LESVOS| The Blatte and the Black

By Rûnbîr Sêrkepkanî

I had a conversation recently with a good friend of mine from Cameroon. He was telling me that I am white. He was comparing the colour of his arm to the colour of my arm. “Look so white your arm is and so black mine is,” he said with a big smile. It was the first time in my life that someone had called me white.

There are people in the Zagros Mountains and Mesopotamia where I come from who are blonde, paler than others or ginger, but I have never been categorised as one of them. My grandfather was blonde but he had black eyes. His genes do not seem to have left so much of his skin tone in us. Some of us have inherited the shape of his nose, his stubbornness and/or other features but the colour of our skin is light brown to dark brown.

I learned that black and white is not about the colour tone of skin when I went to Sweden in 2004. All of a sudden I was not a young man in his early twenties who was full of dreams of adventures and revolutionary ideas. All of a sudden I was a “blackhead” or “blatte”. There are several theories about what the word means. Some say it comes from the Romani word blawto or blato which means "blue man" or “black man,” other people say that it comes from the verb "plattra" which means someone who speaks nonsense and whose language is not understandable; a similar meaning would be the Greek word “barbar” (the root of the English word “barbarian.”)

Along with everyone who has black hair, different tones of brown and black skin from South America, Africa, the Middle East, South Asia and Southern Europe I was called “blatte” in Sweden. Before even asking my name, people would ask me where I came from.

"So for how long have been in Sweden?"

"Are you going to move back to your country?"

"For how long do you plan to stay in Sweden?"

"Is there a war in your country? Is it why you are here?" they would ask me.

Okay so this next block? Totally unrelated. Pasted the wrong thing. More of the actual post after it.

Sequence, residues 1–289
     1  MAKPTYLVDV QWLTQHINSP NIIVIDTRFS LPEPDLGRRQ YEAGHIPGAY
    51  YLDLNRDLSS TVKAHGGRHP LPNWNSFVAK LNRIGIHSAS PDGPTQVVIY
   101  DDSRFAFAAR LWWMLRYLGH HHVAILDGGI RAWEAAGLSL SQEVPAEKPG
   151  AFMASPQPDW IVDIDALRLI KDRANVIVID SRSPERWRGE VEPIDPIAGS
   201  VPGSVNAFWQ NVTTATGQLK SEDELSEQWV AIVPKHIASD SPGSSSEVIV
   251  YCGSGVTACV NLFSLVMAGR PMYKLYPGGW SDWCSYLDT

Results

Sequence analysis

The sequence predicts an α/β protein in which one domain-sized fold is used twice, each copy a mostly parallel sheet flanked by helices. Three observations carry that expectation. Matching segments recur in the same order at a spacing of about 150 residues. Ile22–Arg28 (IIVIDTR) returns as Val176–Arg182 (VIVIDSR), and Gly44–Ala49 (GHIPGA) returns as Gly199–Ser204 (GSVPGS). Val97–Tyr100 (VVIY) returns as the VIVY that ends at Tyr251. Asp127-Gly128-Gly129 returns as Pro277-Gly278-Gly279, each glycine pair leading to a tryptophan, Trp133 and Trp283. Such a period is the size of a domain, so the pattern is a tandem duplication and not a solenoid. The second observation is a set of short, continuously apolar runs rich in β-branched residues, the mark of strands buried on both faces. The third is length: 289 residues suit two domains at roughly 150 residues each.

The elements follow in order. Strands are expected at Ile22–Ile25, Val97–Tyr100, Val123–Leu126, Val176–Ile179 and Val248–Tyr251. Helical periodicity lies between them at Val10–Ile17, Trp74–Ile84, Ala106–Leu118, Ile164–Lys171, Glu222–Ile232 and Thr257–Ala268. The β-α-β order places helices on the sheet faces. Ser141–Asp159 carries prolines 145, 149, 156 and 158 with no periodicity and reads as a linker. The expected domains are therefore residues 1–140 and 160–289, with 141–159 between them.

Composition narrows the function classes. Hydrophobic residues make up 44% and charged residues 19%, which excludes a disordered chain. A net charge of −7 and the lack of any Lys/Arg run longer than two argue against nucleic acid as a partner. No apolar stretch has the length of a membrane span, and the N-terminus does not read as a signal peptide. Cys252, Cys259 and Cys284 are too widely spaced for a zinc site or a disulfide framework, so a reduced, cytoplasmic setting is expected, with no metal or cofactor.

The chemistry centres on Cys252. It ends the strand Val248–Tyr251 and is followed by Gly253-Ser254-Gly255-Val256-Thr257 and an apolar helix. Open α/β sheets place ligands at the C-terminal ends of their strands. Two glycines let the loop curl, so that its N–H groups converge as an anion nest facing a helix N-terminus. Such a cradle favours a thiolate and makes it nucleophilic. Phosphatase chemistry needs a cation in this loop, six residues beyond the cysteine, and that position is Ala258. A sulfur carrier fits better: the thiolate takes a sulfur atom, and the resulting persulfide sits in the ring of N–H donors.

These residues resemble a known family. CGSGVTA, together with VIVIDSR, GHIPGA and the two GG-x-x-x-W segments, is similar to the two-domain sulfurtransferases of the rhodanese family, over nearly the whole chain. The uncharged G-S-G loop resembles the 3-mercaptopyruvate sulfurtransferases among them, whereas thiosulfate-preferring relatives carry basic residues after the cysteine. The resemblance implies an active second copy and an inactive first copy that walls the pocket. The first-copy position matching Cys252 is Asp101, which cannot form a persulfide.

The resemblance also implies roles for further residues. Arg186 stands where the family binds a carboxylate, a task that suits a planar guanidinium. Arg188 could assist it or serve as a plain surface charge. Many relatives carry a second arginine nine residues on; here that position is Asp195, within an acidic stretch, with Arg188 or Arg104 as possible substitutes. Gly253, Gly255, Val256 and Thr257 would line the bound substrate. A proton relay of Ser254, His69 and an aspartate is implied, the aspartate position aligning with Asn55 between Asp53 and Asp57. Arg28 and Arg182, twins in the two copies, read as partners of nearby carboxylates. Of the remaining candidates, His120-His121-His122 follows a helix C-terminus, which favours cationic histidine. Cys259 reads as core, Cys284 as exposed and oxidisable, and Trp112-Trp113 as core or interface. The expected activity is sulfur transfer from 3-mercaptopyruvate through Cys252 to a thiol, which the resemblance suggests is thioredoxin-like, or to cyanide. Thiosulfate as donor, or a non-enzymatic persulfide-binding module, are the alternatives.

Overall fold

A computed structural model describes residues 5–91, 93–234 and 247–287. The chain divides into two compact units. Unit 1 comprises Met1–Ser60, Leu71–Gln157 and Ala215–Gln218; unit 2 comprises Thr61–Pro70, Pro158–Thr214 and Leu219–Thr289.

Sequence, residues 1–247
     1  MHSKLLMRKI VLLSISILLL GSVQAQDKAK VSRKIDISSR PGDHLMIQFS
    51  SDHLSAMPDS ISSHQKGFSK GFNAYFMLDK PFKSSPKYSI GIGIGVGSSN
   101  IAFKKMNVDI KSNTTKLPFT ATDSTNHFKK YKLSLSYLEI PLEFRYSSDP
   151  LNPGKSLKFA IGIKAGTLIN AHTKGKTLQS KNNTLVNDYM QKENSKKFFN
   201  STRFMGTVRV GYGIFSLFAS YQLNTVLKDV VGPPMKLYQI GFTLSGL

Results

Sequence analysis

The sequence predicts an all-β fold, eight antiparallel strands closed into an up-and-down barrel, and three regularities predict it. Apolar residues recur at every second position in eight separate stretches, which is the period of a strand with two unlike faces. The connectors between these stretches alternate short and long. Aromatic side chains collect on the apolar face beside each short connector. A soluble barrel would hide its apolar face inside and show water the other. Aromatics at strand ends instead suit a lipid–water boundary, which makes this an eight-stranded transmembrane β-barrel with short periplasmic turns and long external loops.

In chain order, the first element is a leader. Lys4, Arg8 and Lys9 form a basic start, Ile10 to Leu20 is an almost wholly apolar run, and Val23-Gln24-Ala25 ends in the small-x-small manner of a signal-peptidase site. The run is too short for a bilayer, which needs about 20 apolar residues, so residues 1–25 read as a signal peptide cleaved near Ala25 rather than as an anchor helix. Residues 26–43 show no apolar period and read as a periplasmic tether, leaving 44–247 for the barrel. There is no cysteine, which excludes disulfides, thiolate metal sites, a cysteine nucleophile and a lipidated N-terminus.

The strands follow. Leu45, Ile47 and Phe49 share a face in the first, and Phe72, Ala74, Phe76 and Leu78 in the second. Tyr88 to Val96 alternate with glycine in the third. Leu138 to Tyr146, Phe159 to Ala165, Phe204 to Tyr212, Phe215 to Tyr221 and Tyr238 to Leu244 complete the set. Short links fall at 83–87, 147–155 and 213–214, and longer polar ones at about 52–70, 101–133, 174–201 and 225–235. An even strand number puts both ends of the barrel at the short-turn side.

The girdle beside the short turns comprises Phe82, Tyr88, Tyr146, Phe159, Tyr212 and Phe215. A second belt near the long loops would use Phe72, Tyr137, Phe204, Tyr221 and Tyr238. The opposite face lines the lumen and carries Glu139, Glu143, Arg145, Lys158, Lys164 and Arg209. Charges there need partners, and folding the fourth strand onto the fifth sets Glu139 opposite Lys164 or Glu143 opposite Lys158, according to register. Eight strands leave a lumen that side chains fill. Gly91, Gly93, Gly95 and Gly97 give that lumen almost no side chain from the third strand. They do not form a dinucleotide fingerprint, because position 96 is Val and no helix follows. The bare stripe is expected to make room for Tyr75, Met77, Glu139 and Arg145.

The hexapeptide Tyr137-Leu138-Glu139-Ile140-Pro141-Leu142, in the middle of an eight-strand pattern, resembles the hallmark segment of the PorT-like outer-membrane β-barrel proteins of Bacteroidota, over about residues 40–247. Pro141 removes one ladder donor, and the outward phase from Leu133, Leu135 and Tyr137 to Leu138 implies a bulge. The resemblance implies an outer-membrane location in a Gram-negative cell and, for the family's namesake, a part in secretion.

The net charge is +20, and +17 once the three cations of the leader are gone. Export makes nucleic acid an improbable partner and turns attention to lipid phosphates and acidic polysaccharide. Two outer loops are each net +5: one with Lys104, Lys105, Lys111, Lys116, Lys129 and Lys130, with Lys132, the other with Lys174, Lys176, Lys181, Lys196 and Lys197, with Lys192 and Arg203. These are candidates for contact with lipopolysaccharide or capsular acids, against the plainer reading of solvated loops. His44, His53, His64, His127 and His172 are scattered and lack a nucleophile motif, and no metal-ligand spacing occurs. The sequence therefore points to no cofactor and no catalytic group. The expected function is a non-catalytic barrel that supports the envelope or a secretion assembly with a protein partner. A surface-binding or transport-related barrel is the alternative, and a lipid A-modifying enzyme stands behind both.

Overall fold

When I told them my name they did not really care how my name was pronounced while they were very clear that theirs was "Elizabeth with Z and TH" or "My name is not Biurn but Björn, with Ö-Ö-Ö".” After that they would not ask about what I thought about the future of humanity, what gives joy in life or what dreams I had, but they gave me compliments about how well I spoke Swedish. They wanted to tell me that Sweden is not my country, that my home was somewhere else and one day I would have to leave and go back to wherever my home was.

My two best friends were from Bujumbura and Sarajevo. We found ourselves in the non-white shelf of society. Despite our differences, we had we all agreed that we were in the same boat, in a sea of systemic racism and we had to stay united in order to stay human. The white shelf never invited us to their parties, never said “hi” to us on the street, never made any effort to make us feel loved and welcomed, so we did that ourselves. We sat by the lake and smoked nargila (water pipe) . We barbequed at grilling places in the forests and laughed at jokes from our home countries.

My Cameroonian friend made me think beyond my experiences in Sweden. I thought about a guy from Sierra Leone who lives in Mytilini. He and his current wife, who is Turkish, fell in love in Turkey. Her family wanted to chase them down and kill them because he was black. He has been stopped so many times by the Greek police because they could not imagine that a beautiful Turkish woman could be together with a beautiful Sierra Leonean man. Turks and Greeks might have a lot of differences in ideas and animosities, but there is structural anti-black racism in both countries, which is killing and hurting people every day.

So I told my Cameroonian friend that while it is true that I am not black, because I do not face the horrible oppression that black people face everywhere, I am not white either. I was in those thoughts walking on Ermou Street in Mytilini when I met a Greek acquaintance who made a racist comment about my appearance, saying, “Oh you have become so black; you look so exotic”.

“I am not exotic at all. I am just a beautifully tanned man,” I retorted. I did not tell her that she should go to Sweden, to be called blatte and feel how much it hurts to be exotified, exploited, patronised and made invisible all the time.